A fantastic “Lovecraftian” anthology that pays its debt to the father of cosmic horror with a really innovative and unexpected premise. Each story is its author’s response to a quote of their choosing from Lovecraft’s seminal essay “Supernatural Horror in Literature” that speaks to them in some way or sparks an idea or an argument. This makes for some incredible stories that cover a much broader range of ideas and tones than the usual Lovecraft-inspired anthology.
The subtly skin-crawling “Past Reno,” “_____” and “The Lonely Wood” by Brian Evenson, Paul Tremblay and Tim Lebbon respectively, are both minor works of genius, crafting terror (and maximum impact) from only the slightest displacement of reality. Uncertainty creeps through every line, building and building to their incredible denouement’s of undiluted dread.
Nadia Bulkin’s “Only Unity Saves the Damned” is a wonderful ghost story and an even better study of the claustrophobia of small-town life.
“Allochthon” is another example of Livia Llewellyn’s sensuous, liquid prose telling a mind-melting story of displacement and horror in a world both alien and scarily familiar.
Stephen Graham Jones tears up a ripping werewolf yarn in “Doc’s Story” that throws authentic, no-frills characters in with a beautifully knotted narrative.
Cameron Pierce’s “Help Me” is a sharp bite of a story that will stick in your skin long after you’ve read it. It made me glad that I don’t fish.
“Glimmer in the Darkness” by Asamatsu Ken (translated by Raechel Dumas) uses Lovecraft himself in a dialogue-driven story that’s tense, unsettling and original.
In “The Order of the Haunted Wood,” Jeffrey Ford takes a subversive and hilarious approach to Lovecraft’s idea of a centuries-old cult.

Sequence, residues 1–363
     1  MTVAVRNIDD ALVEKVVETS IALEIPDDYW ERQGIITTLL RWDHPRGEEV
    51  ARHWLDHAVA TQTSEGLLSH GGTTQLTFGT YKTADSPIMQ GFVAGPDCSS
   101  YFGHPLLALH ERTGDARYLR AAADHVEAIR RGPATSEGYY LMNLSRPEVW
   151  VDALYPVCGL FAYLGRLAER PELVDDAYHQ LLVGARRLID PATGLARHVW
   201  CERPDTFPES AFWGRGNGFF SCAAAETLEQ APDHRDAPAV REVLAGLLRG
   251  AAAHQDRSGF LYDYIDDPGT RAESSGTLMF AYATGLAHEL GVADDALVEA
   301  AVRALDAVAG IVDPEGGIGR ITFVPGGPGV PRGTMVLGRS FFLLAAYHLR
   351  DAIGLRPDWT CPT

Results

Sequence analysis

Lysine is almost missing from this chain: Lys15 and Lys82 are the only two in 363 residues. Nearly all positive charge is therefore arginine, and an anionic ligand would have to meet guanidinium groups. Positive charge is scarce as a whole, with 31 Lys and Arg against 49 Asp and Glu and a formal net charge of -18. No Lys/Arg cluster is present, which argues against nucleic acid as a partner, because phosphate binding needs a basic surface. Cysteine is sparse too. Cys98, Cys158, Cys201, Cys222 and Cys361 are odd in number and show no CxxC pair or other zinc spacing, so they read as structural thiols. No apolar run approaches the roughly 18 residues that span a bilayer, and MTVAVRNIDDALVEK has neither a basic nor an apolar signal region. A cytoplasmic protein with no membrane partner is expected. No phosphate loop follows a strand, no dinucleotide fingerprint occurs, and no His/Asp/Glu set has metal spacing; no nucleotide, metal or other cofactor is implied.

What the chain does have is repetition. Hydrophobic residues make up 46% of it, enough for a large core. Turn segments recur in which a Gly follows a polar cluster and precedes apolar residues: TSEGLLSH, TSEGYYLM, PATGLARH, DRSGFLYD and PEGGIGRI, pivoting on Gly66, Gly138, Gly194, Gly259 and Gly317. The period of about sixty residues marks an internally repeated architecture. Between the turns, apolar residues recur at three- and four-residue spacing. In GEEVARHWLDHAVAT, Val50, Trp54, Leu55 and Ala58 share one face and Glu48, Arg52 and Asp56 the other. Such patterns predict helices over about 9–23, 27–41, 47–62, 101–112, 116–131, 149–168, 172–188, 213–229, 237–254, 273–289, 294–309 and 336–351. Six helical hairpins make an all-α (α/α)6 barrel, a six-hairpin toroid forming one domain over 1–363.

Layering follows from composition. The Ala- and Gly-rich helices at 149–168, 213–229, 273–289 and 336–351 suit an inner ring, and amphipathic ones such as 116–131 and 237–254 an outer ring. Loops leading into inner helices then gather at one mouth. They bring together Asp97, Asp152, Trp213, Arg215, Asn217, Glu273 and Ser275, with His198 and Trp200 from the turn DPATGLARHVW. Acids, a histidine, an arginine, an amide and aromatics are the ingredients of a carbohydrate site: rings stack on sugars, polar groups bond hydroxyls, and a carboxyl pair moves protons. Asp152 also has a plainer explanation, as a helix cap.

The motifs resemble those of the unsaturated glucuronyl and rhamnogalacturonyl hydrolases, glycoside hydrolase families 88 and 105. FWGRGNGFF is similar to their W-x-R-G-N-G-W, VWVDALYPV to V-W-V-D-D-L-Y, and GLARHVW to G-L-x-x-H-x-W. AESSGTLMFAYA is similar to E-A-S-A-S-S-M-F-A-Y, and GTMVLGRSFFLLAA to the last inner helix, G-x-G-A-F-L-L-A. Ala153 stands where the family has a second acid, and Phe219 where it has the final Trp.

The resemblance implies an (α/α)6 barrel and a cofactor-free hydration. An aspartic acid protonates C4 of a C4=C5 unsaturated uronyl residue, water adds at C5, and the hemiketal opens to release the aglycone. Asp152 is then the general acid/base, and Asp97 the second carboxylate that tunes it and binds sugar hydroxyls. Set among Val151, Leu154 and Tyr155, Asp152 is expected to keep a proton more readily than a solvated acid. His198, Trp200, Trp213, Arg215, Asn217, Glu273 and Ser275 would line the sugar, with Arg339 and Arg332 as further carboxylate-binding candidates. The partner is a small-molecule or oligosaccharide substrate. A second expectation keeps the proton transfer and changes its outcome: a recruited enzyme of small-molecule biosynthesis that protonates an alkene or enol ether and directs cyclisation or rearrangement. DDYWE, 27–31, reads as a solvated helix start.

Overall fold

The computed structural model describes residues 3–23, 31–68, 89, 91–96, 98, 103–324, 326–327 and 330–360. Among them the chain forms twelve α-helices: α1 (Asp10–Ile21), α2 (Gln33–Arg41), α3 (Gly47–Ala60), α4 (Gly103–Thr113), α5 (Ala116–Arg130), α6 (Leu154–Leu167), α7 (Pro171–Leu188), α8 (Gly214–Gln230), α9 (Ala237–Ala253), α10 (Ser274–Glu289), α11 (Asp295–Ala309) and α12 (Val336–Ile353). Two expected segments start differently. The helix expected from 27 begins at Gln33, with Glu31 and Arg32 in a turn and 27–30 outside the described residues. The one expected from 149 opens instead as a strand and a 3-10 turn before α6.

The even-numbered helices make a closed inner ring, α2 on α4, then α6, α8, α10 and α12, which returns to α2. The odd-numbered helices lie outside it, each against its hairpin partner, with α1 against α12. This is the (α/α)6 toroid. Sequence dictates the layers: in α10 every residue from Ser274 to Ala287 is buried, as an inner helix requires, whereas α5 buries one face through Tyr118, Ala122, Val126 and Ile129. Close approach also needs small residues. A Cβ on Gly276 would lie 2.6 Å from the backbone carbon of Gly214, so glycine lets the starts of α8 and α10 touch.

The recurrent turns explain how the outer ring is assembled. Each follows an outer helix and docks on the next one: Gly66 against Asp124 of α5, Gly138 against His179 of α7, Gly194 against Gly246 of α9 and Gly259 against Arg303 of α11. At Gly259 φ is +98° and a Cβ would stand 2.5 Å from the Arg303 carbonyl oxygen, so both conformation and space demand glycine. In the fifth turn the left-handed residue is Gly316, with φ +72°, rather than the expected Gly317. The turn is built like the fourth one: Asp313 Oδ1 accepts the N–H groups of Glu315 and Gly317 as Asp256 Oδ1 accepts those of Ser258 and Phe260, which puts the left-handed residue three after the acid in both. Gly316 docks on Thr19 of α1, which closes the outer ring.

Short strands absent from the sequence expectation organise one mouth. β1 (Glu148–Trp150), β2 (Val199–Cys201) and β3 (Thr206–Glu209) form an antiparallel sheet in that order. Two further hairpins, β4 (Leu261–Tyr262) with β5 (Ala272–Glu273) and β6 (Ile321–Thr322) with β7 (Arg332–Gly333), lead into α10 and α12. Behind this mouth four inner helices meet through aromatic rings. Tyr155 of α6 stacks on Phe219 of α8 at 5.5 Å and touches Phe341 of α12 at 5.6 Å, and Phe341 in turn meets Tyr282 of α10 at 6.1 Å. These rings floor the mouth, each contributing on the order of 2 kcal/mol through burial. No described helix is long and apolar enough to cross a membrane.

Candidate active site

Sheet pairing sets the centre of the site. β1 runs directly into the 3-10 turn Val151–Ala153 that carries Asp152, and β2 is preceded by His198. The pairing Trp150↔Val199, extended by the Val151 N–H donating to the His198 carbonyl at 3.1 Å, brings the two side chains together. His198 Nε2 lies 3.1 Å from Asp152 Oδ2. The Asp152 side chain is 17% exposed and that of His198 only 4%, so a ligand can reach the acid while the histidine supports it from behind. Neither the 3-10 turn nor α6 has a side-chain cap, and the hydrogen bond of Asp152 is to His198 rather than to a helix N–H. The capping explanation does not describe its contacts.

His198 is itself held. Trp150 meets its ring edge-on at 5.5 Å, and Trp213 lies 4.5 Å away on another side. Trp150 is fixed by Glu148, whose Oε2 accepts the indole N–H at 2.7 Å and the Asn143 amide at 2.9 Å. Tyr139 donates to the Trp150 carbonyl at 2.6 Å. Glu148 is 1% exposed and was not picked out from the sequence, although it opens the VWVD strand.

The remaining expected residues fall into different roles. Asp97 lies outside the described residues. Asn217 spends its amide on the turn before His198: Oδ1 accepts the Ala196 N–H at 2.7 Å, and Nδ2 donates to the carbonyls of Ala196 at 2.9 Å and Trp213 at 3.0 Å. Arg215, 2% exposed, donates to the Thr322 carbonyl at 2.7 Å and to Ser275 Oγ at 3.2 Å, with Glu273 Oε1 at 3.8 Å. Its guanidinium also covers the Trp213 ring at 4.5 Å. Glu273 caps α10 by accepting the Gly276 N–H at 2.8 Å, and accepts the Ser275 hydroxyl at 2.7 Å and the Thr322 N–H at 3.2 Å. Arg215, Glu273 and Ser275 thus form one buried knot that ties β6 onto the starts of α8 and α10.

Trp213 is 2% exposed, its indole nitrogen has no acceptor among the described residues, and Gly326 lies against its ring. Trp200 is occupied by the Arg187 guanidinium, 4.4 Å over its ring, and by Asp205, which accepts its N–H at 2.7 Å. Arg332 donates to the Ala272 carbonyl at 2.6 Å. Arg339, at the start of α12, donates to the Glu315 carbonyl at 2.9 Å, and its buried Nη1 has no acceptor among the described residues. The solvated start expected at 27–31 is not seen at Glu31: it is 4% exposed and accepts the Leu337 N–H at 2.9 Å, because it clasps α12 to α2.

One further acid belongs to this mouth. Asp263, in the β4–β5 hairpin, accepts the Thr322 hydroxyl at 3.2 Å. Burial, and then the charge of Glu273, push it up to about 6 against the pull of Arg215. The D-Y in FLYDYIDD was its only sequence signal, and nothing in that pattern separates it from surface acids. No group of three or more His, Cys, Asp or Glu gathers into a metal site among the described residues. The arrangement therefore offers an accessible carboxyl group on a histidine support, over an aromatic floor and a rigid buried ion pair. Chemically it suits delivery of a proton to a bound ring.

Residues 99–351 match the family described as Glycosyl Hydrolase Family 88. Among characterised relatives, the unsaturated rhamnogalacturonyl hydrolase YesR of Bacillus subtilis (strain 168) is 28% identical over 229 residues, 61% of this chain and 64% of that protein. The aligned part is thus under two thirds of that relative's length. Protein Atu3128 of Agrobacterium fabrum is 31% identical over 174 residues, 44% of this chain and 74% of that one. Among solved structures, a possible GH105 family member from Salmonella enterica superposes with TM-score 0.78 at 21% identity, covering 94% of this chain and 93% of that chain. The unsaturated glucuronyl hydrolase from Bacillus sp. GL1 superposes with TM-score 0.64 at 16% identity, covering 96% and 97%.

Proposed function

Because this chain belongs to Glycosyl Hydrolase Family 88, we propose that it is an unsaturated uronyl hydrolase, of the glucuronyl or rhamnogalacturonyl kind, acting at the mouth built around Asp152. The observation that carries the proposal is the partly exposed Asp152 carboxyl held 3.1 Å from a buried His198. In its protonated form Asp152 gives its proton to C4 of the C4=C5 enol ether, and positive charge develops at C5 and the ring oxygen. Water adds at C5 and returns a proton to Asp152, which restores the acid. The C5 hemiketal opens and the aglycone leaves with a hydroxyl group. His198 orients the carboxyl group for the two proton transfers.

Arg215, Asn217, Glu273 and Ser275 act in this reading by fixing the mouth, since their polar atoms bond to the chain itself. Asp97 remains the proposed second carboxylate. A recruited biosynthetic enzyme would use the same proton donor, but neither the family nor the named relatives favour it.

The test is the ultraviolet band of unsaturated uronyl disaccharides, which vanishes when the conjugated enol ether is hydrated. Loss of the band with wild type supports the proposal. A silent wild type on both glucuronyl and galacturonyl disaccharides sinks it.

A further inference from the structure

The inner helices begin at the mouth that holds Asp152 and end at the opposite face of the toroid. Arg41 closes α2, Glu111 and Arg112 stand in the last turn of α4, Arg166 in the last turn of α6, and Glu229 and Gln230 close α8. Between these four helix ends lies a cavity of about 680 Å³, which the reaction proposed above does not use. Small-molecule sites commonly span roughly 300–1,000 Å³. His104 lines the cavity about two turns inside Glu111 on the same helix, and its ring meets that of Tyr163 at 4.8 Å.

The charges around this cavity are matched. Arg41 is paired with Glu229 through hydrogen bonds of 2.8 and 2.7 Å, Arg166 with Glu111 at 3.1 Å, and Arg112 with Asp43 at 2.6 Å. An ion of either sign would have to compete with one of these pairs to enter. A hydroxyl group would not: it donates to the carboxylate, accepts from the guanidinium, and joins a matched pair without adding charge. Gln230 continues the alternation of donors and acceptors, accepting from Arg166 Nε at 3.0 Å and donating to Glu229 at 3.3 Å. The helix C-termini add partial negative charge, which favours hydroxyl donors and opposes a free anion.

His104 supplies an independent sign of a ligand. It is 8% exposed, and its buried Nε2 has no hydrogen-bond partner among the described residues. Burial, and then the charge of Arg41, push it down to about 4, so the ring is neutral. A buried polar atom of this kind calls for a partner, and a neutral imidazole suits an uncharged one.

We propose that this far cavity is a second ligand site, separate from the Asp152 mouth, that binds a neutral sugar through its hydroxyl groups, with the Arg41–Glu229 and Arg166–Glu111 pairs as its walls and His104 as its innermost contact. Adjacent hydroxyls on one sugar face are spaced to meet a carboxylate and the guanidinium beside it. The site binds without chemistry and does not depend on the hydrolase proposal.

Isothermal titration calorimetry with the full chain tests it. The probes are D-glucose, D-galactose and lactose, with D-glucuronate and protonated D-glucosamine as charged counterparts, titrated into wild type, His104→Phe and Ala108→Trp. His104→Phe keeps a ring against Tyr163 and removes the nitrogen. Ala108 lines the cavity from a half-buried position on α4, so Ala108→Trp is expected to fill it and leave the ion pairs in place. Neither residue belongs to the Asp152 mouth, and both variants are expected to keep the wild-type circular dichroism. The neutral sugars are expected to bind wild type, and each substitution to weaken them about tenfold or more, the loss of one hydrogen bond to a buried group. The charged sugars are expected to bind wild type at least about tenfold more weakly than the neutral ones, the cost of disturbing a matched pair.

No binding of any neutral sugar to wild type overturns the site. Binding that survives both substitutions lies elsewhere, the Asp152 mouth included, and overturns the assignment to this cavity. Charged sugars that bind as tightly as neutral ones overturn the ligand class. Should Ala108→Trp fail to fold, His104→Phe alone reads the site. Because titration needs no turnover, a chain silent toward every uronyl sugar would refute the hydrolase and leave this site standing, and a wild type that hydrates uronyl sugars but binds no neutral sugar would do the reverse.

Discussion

Angela Slatter’s “Only the Dead and the Moonstruck” feels like a suburban fairytale, balancing mundane domesticity with a glistening, sleek horror element.
“That Place” by Gemma Files reminded me a little of the recent (and excellent) TV series, Stranger Things, although it’s less nostalgic and much darker. Her prose is everything; clever, understated, poetic when it needs to be. One of the highlights of the anthology.
Chesya Burke’s “The Horror at the Castle of the Cumberland” addresses Lovecraft’s issues with race in a story where humanity is the real horror.
Orrin Grey plays with form and self-awareness in his usual rampantly entertaining and innovative way in “Lovecrafting,” a story that’s as structurally engaging it is unsettling, with an ending all the more effective for its restraint.
“One Last Meal, Before the End” by David Yale Ardanuy is both a bloodthirsty take on the Wendigo myth in colonial America, and a smart response to Lovecraft’s white-washed views of Native American myths.
Kirsten Alene’s “There Has Been a Fire” is a dreamlike story with very tactile, raw imagery that reads as much like poetry as it does prose.
Don’t even try to imagine what to expect in “The Trees” by Robin D Laws, which is utterly weird and quite disturbing and left me feeling like I needed a scalding shower at the end of it.
Molly Tanzer’s “Food From the Clouds” is perhaps my favourite of the lot, a typically fizzing Tanzer-esque adventure that’s part romp, part immaculate world-building, all pleasure. Her use of the monstrous is brilliant and restrained. Her work here insettles, beguiles, and breaks the heart. She evokes a post-‘event’ London with so much pleasurable ease that the setting feels like it’s bleeding off the page.
Finally, Nick Mamatas pulls the rug out from under us in “The Semi-Finished Basement” in an incredibly clever and lingering way. I found it bleakly funny in a kind of matter-of-fact way that’s often hard to pull off, but Mamatas’ skill with tone, and his mastery at both character interactions and teasing out the Lovecraft references makes for the perfect gut-punch to round off the anthology.
Jesse Bullington has put together a lingering and versatile bunch of stories here in what is one of the better Lovecraft-inspired anthologies I’ve ever read. An original premise backed up by a hugely entertaining body of work, and one that I cannot recommend highly enough.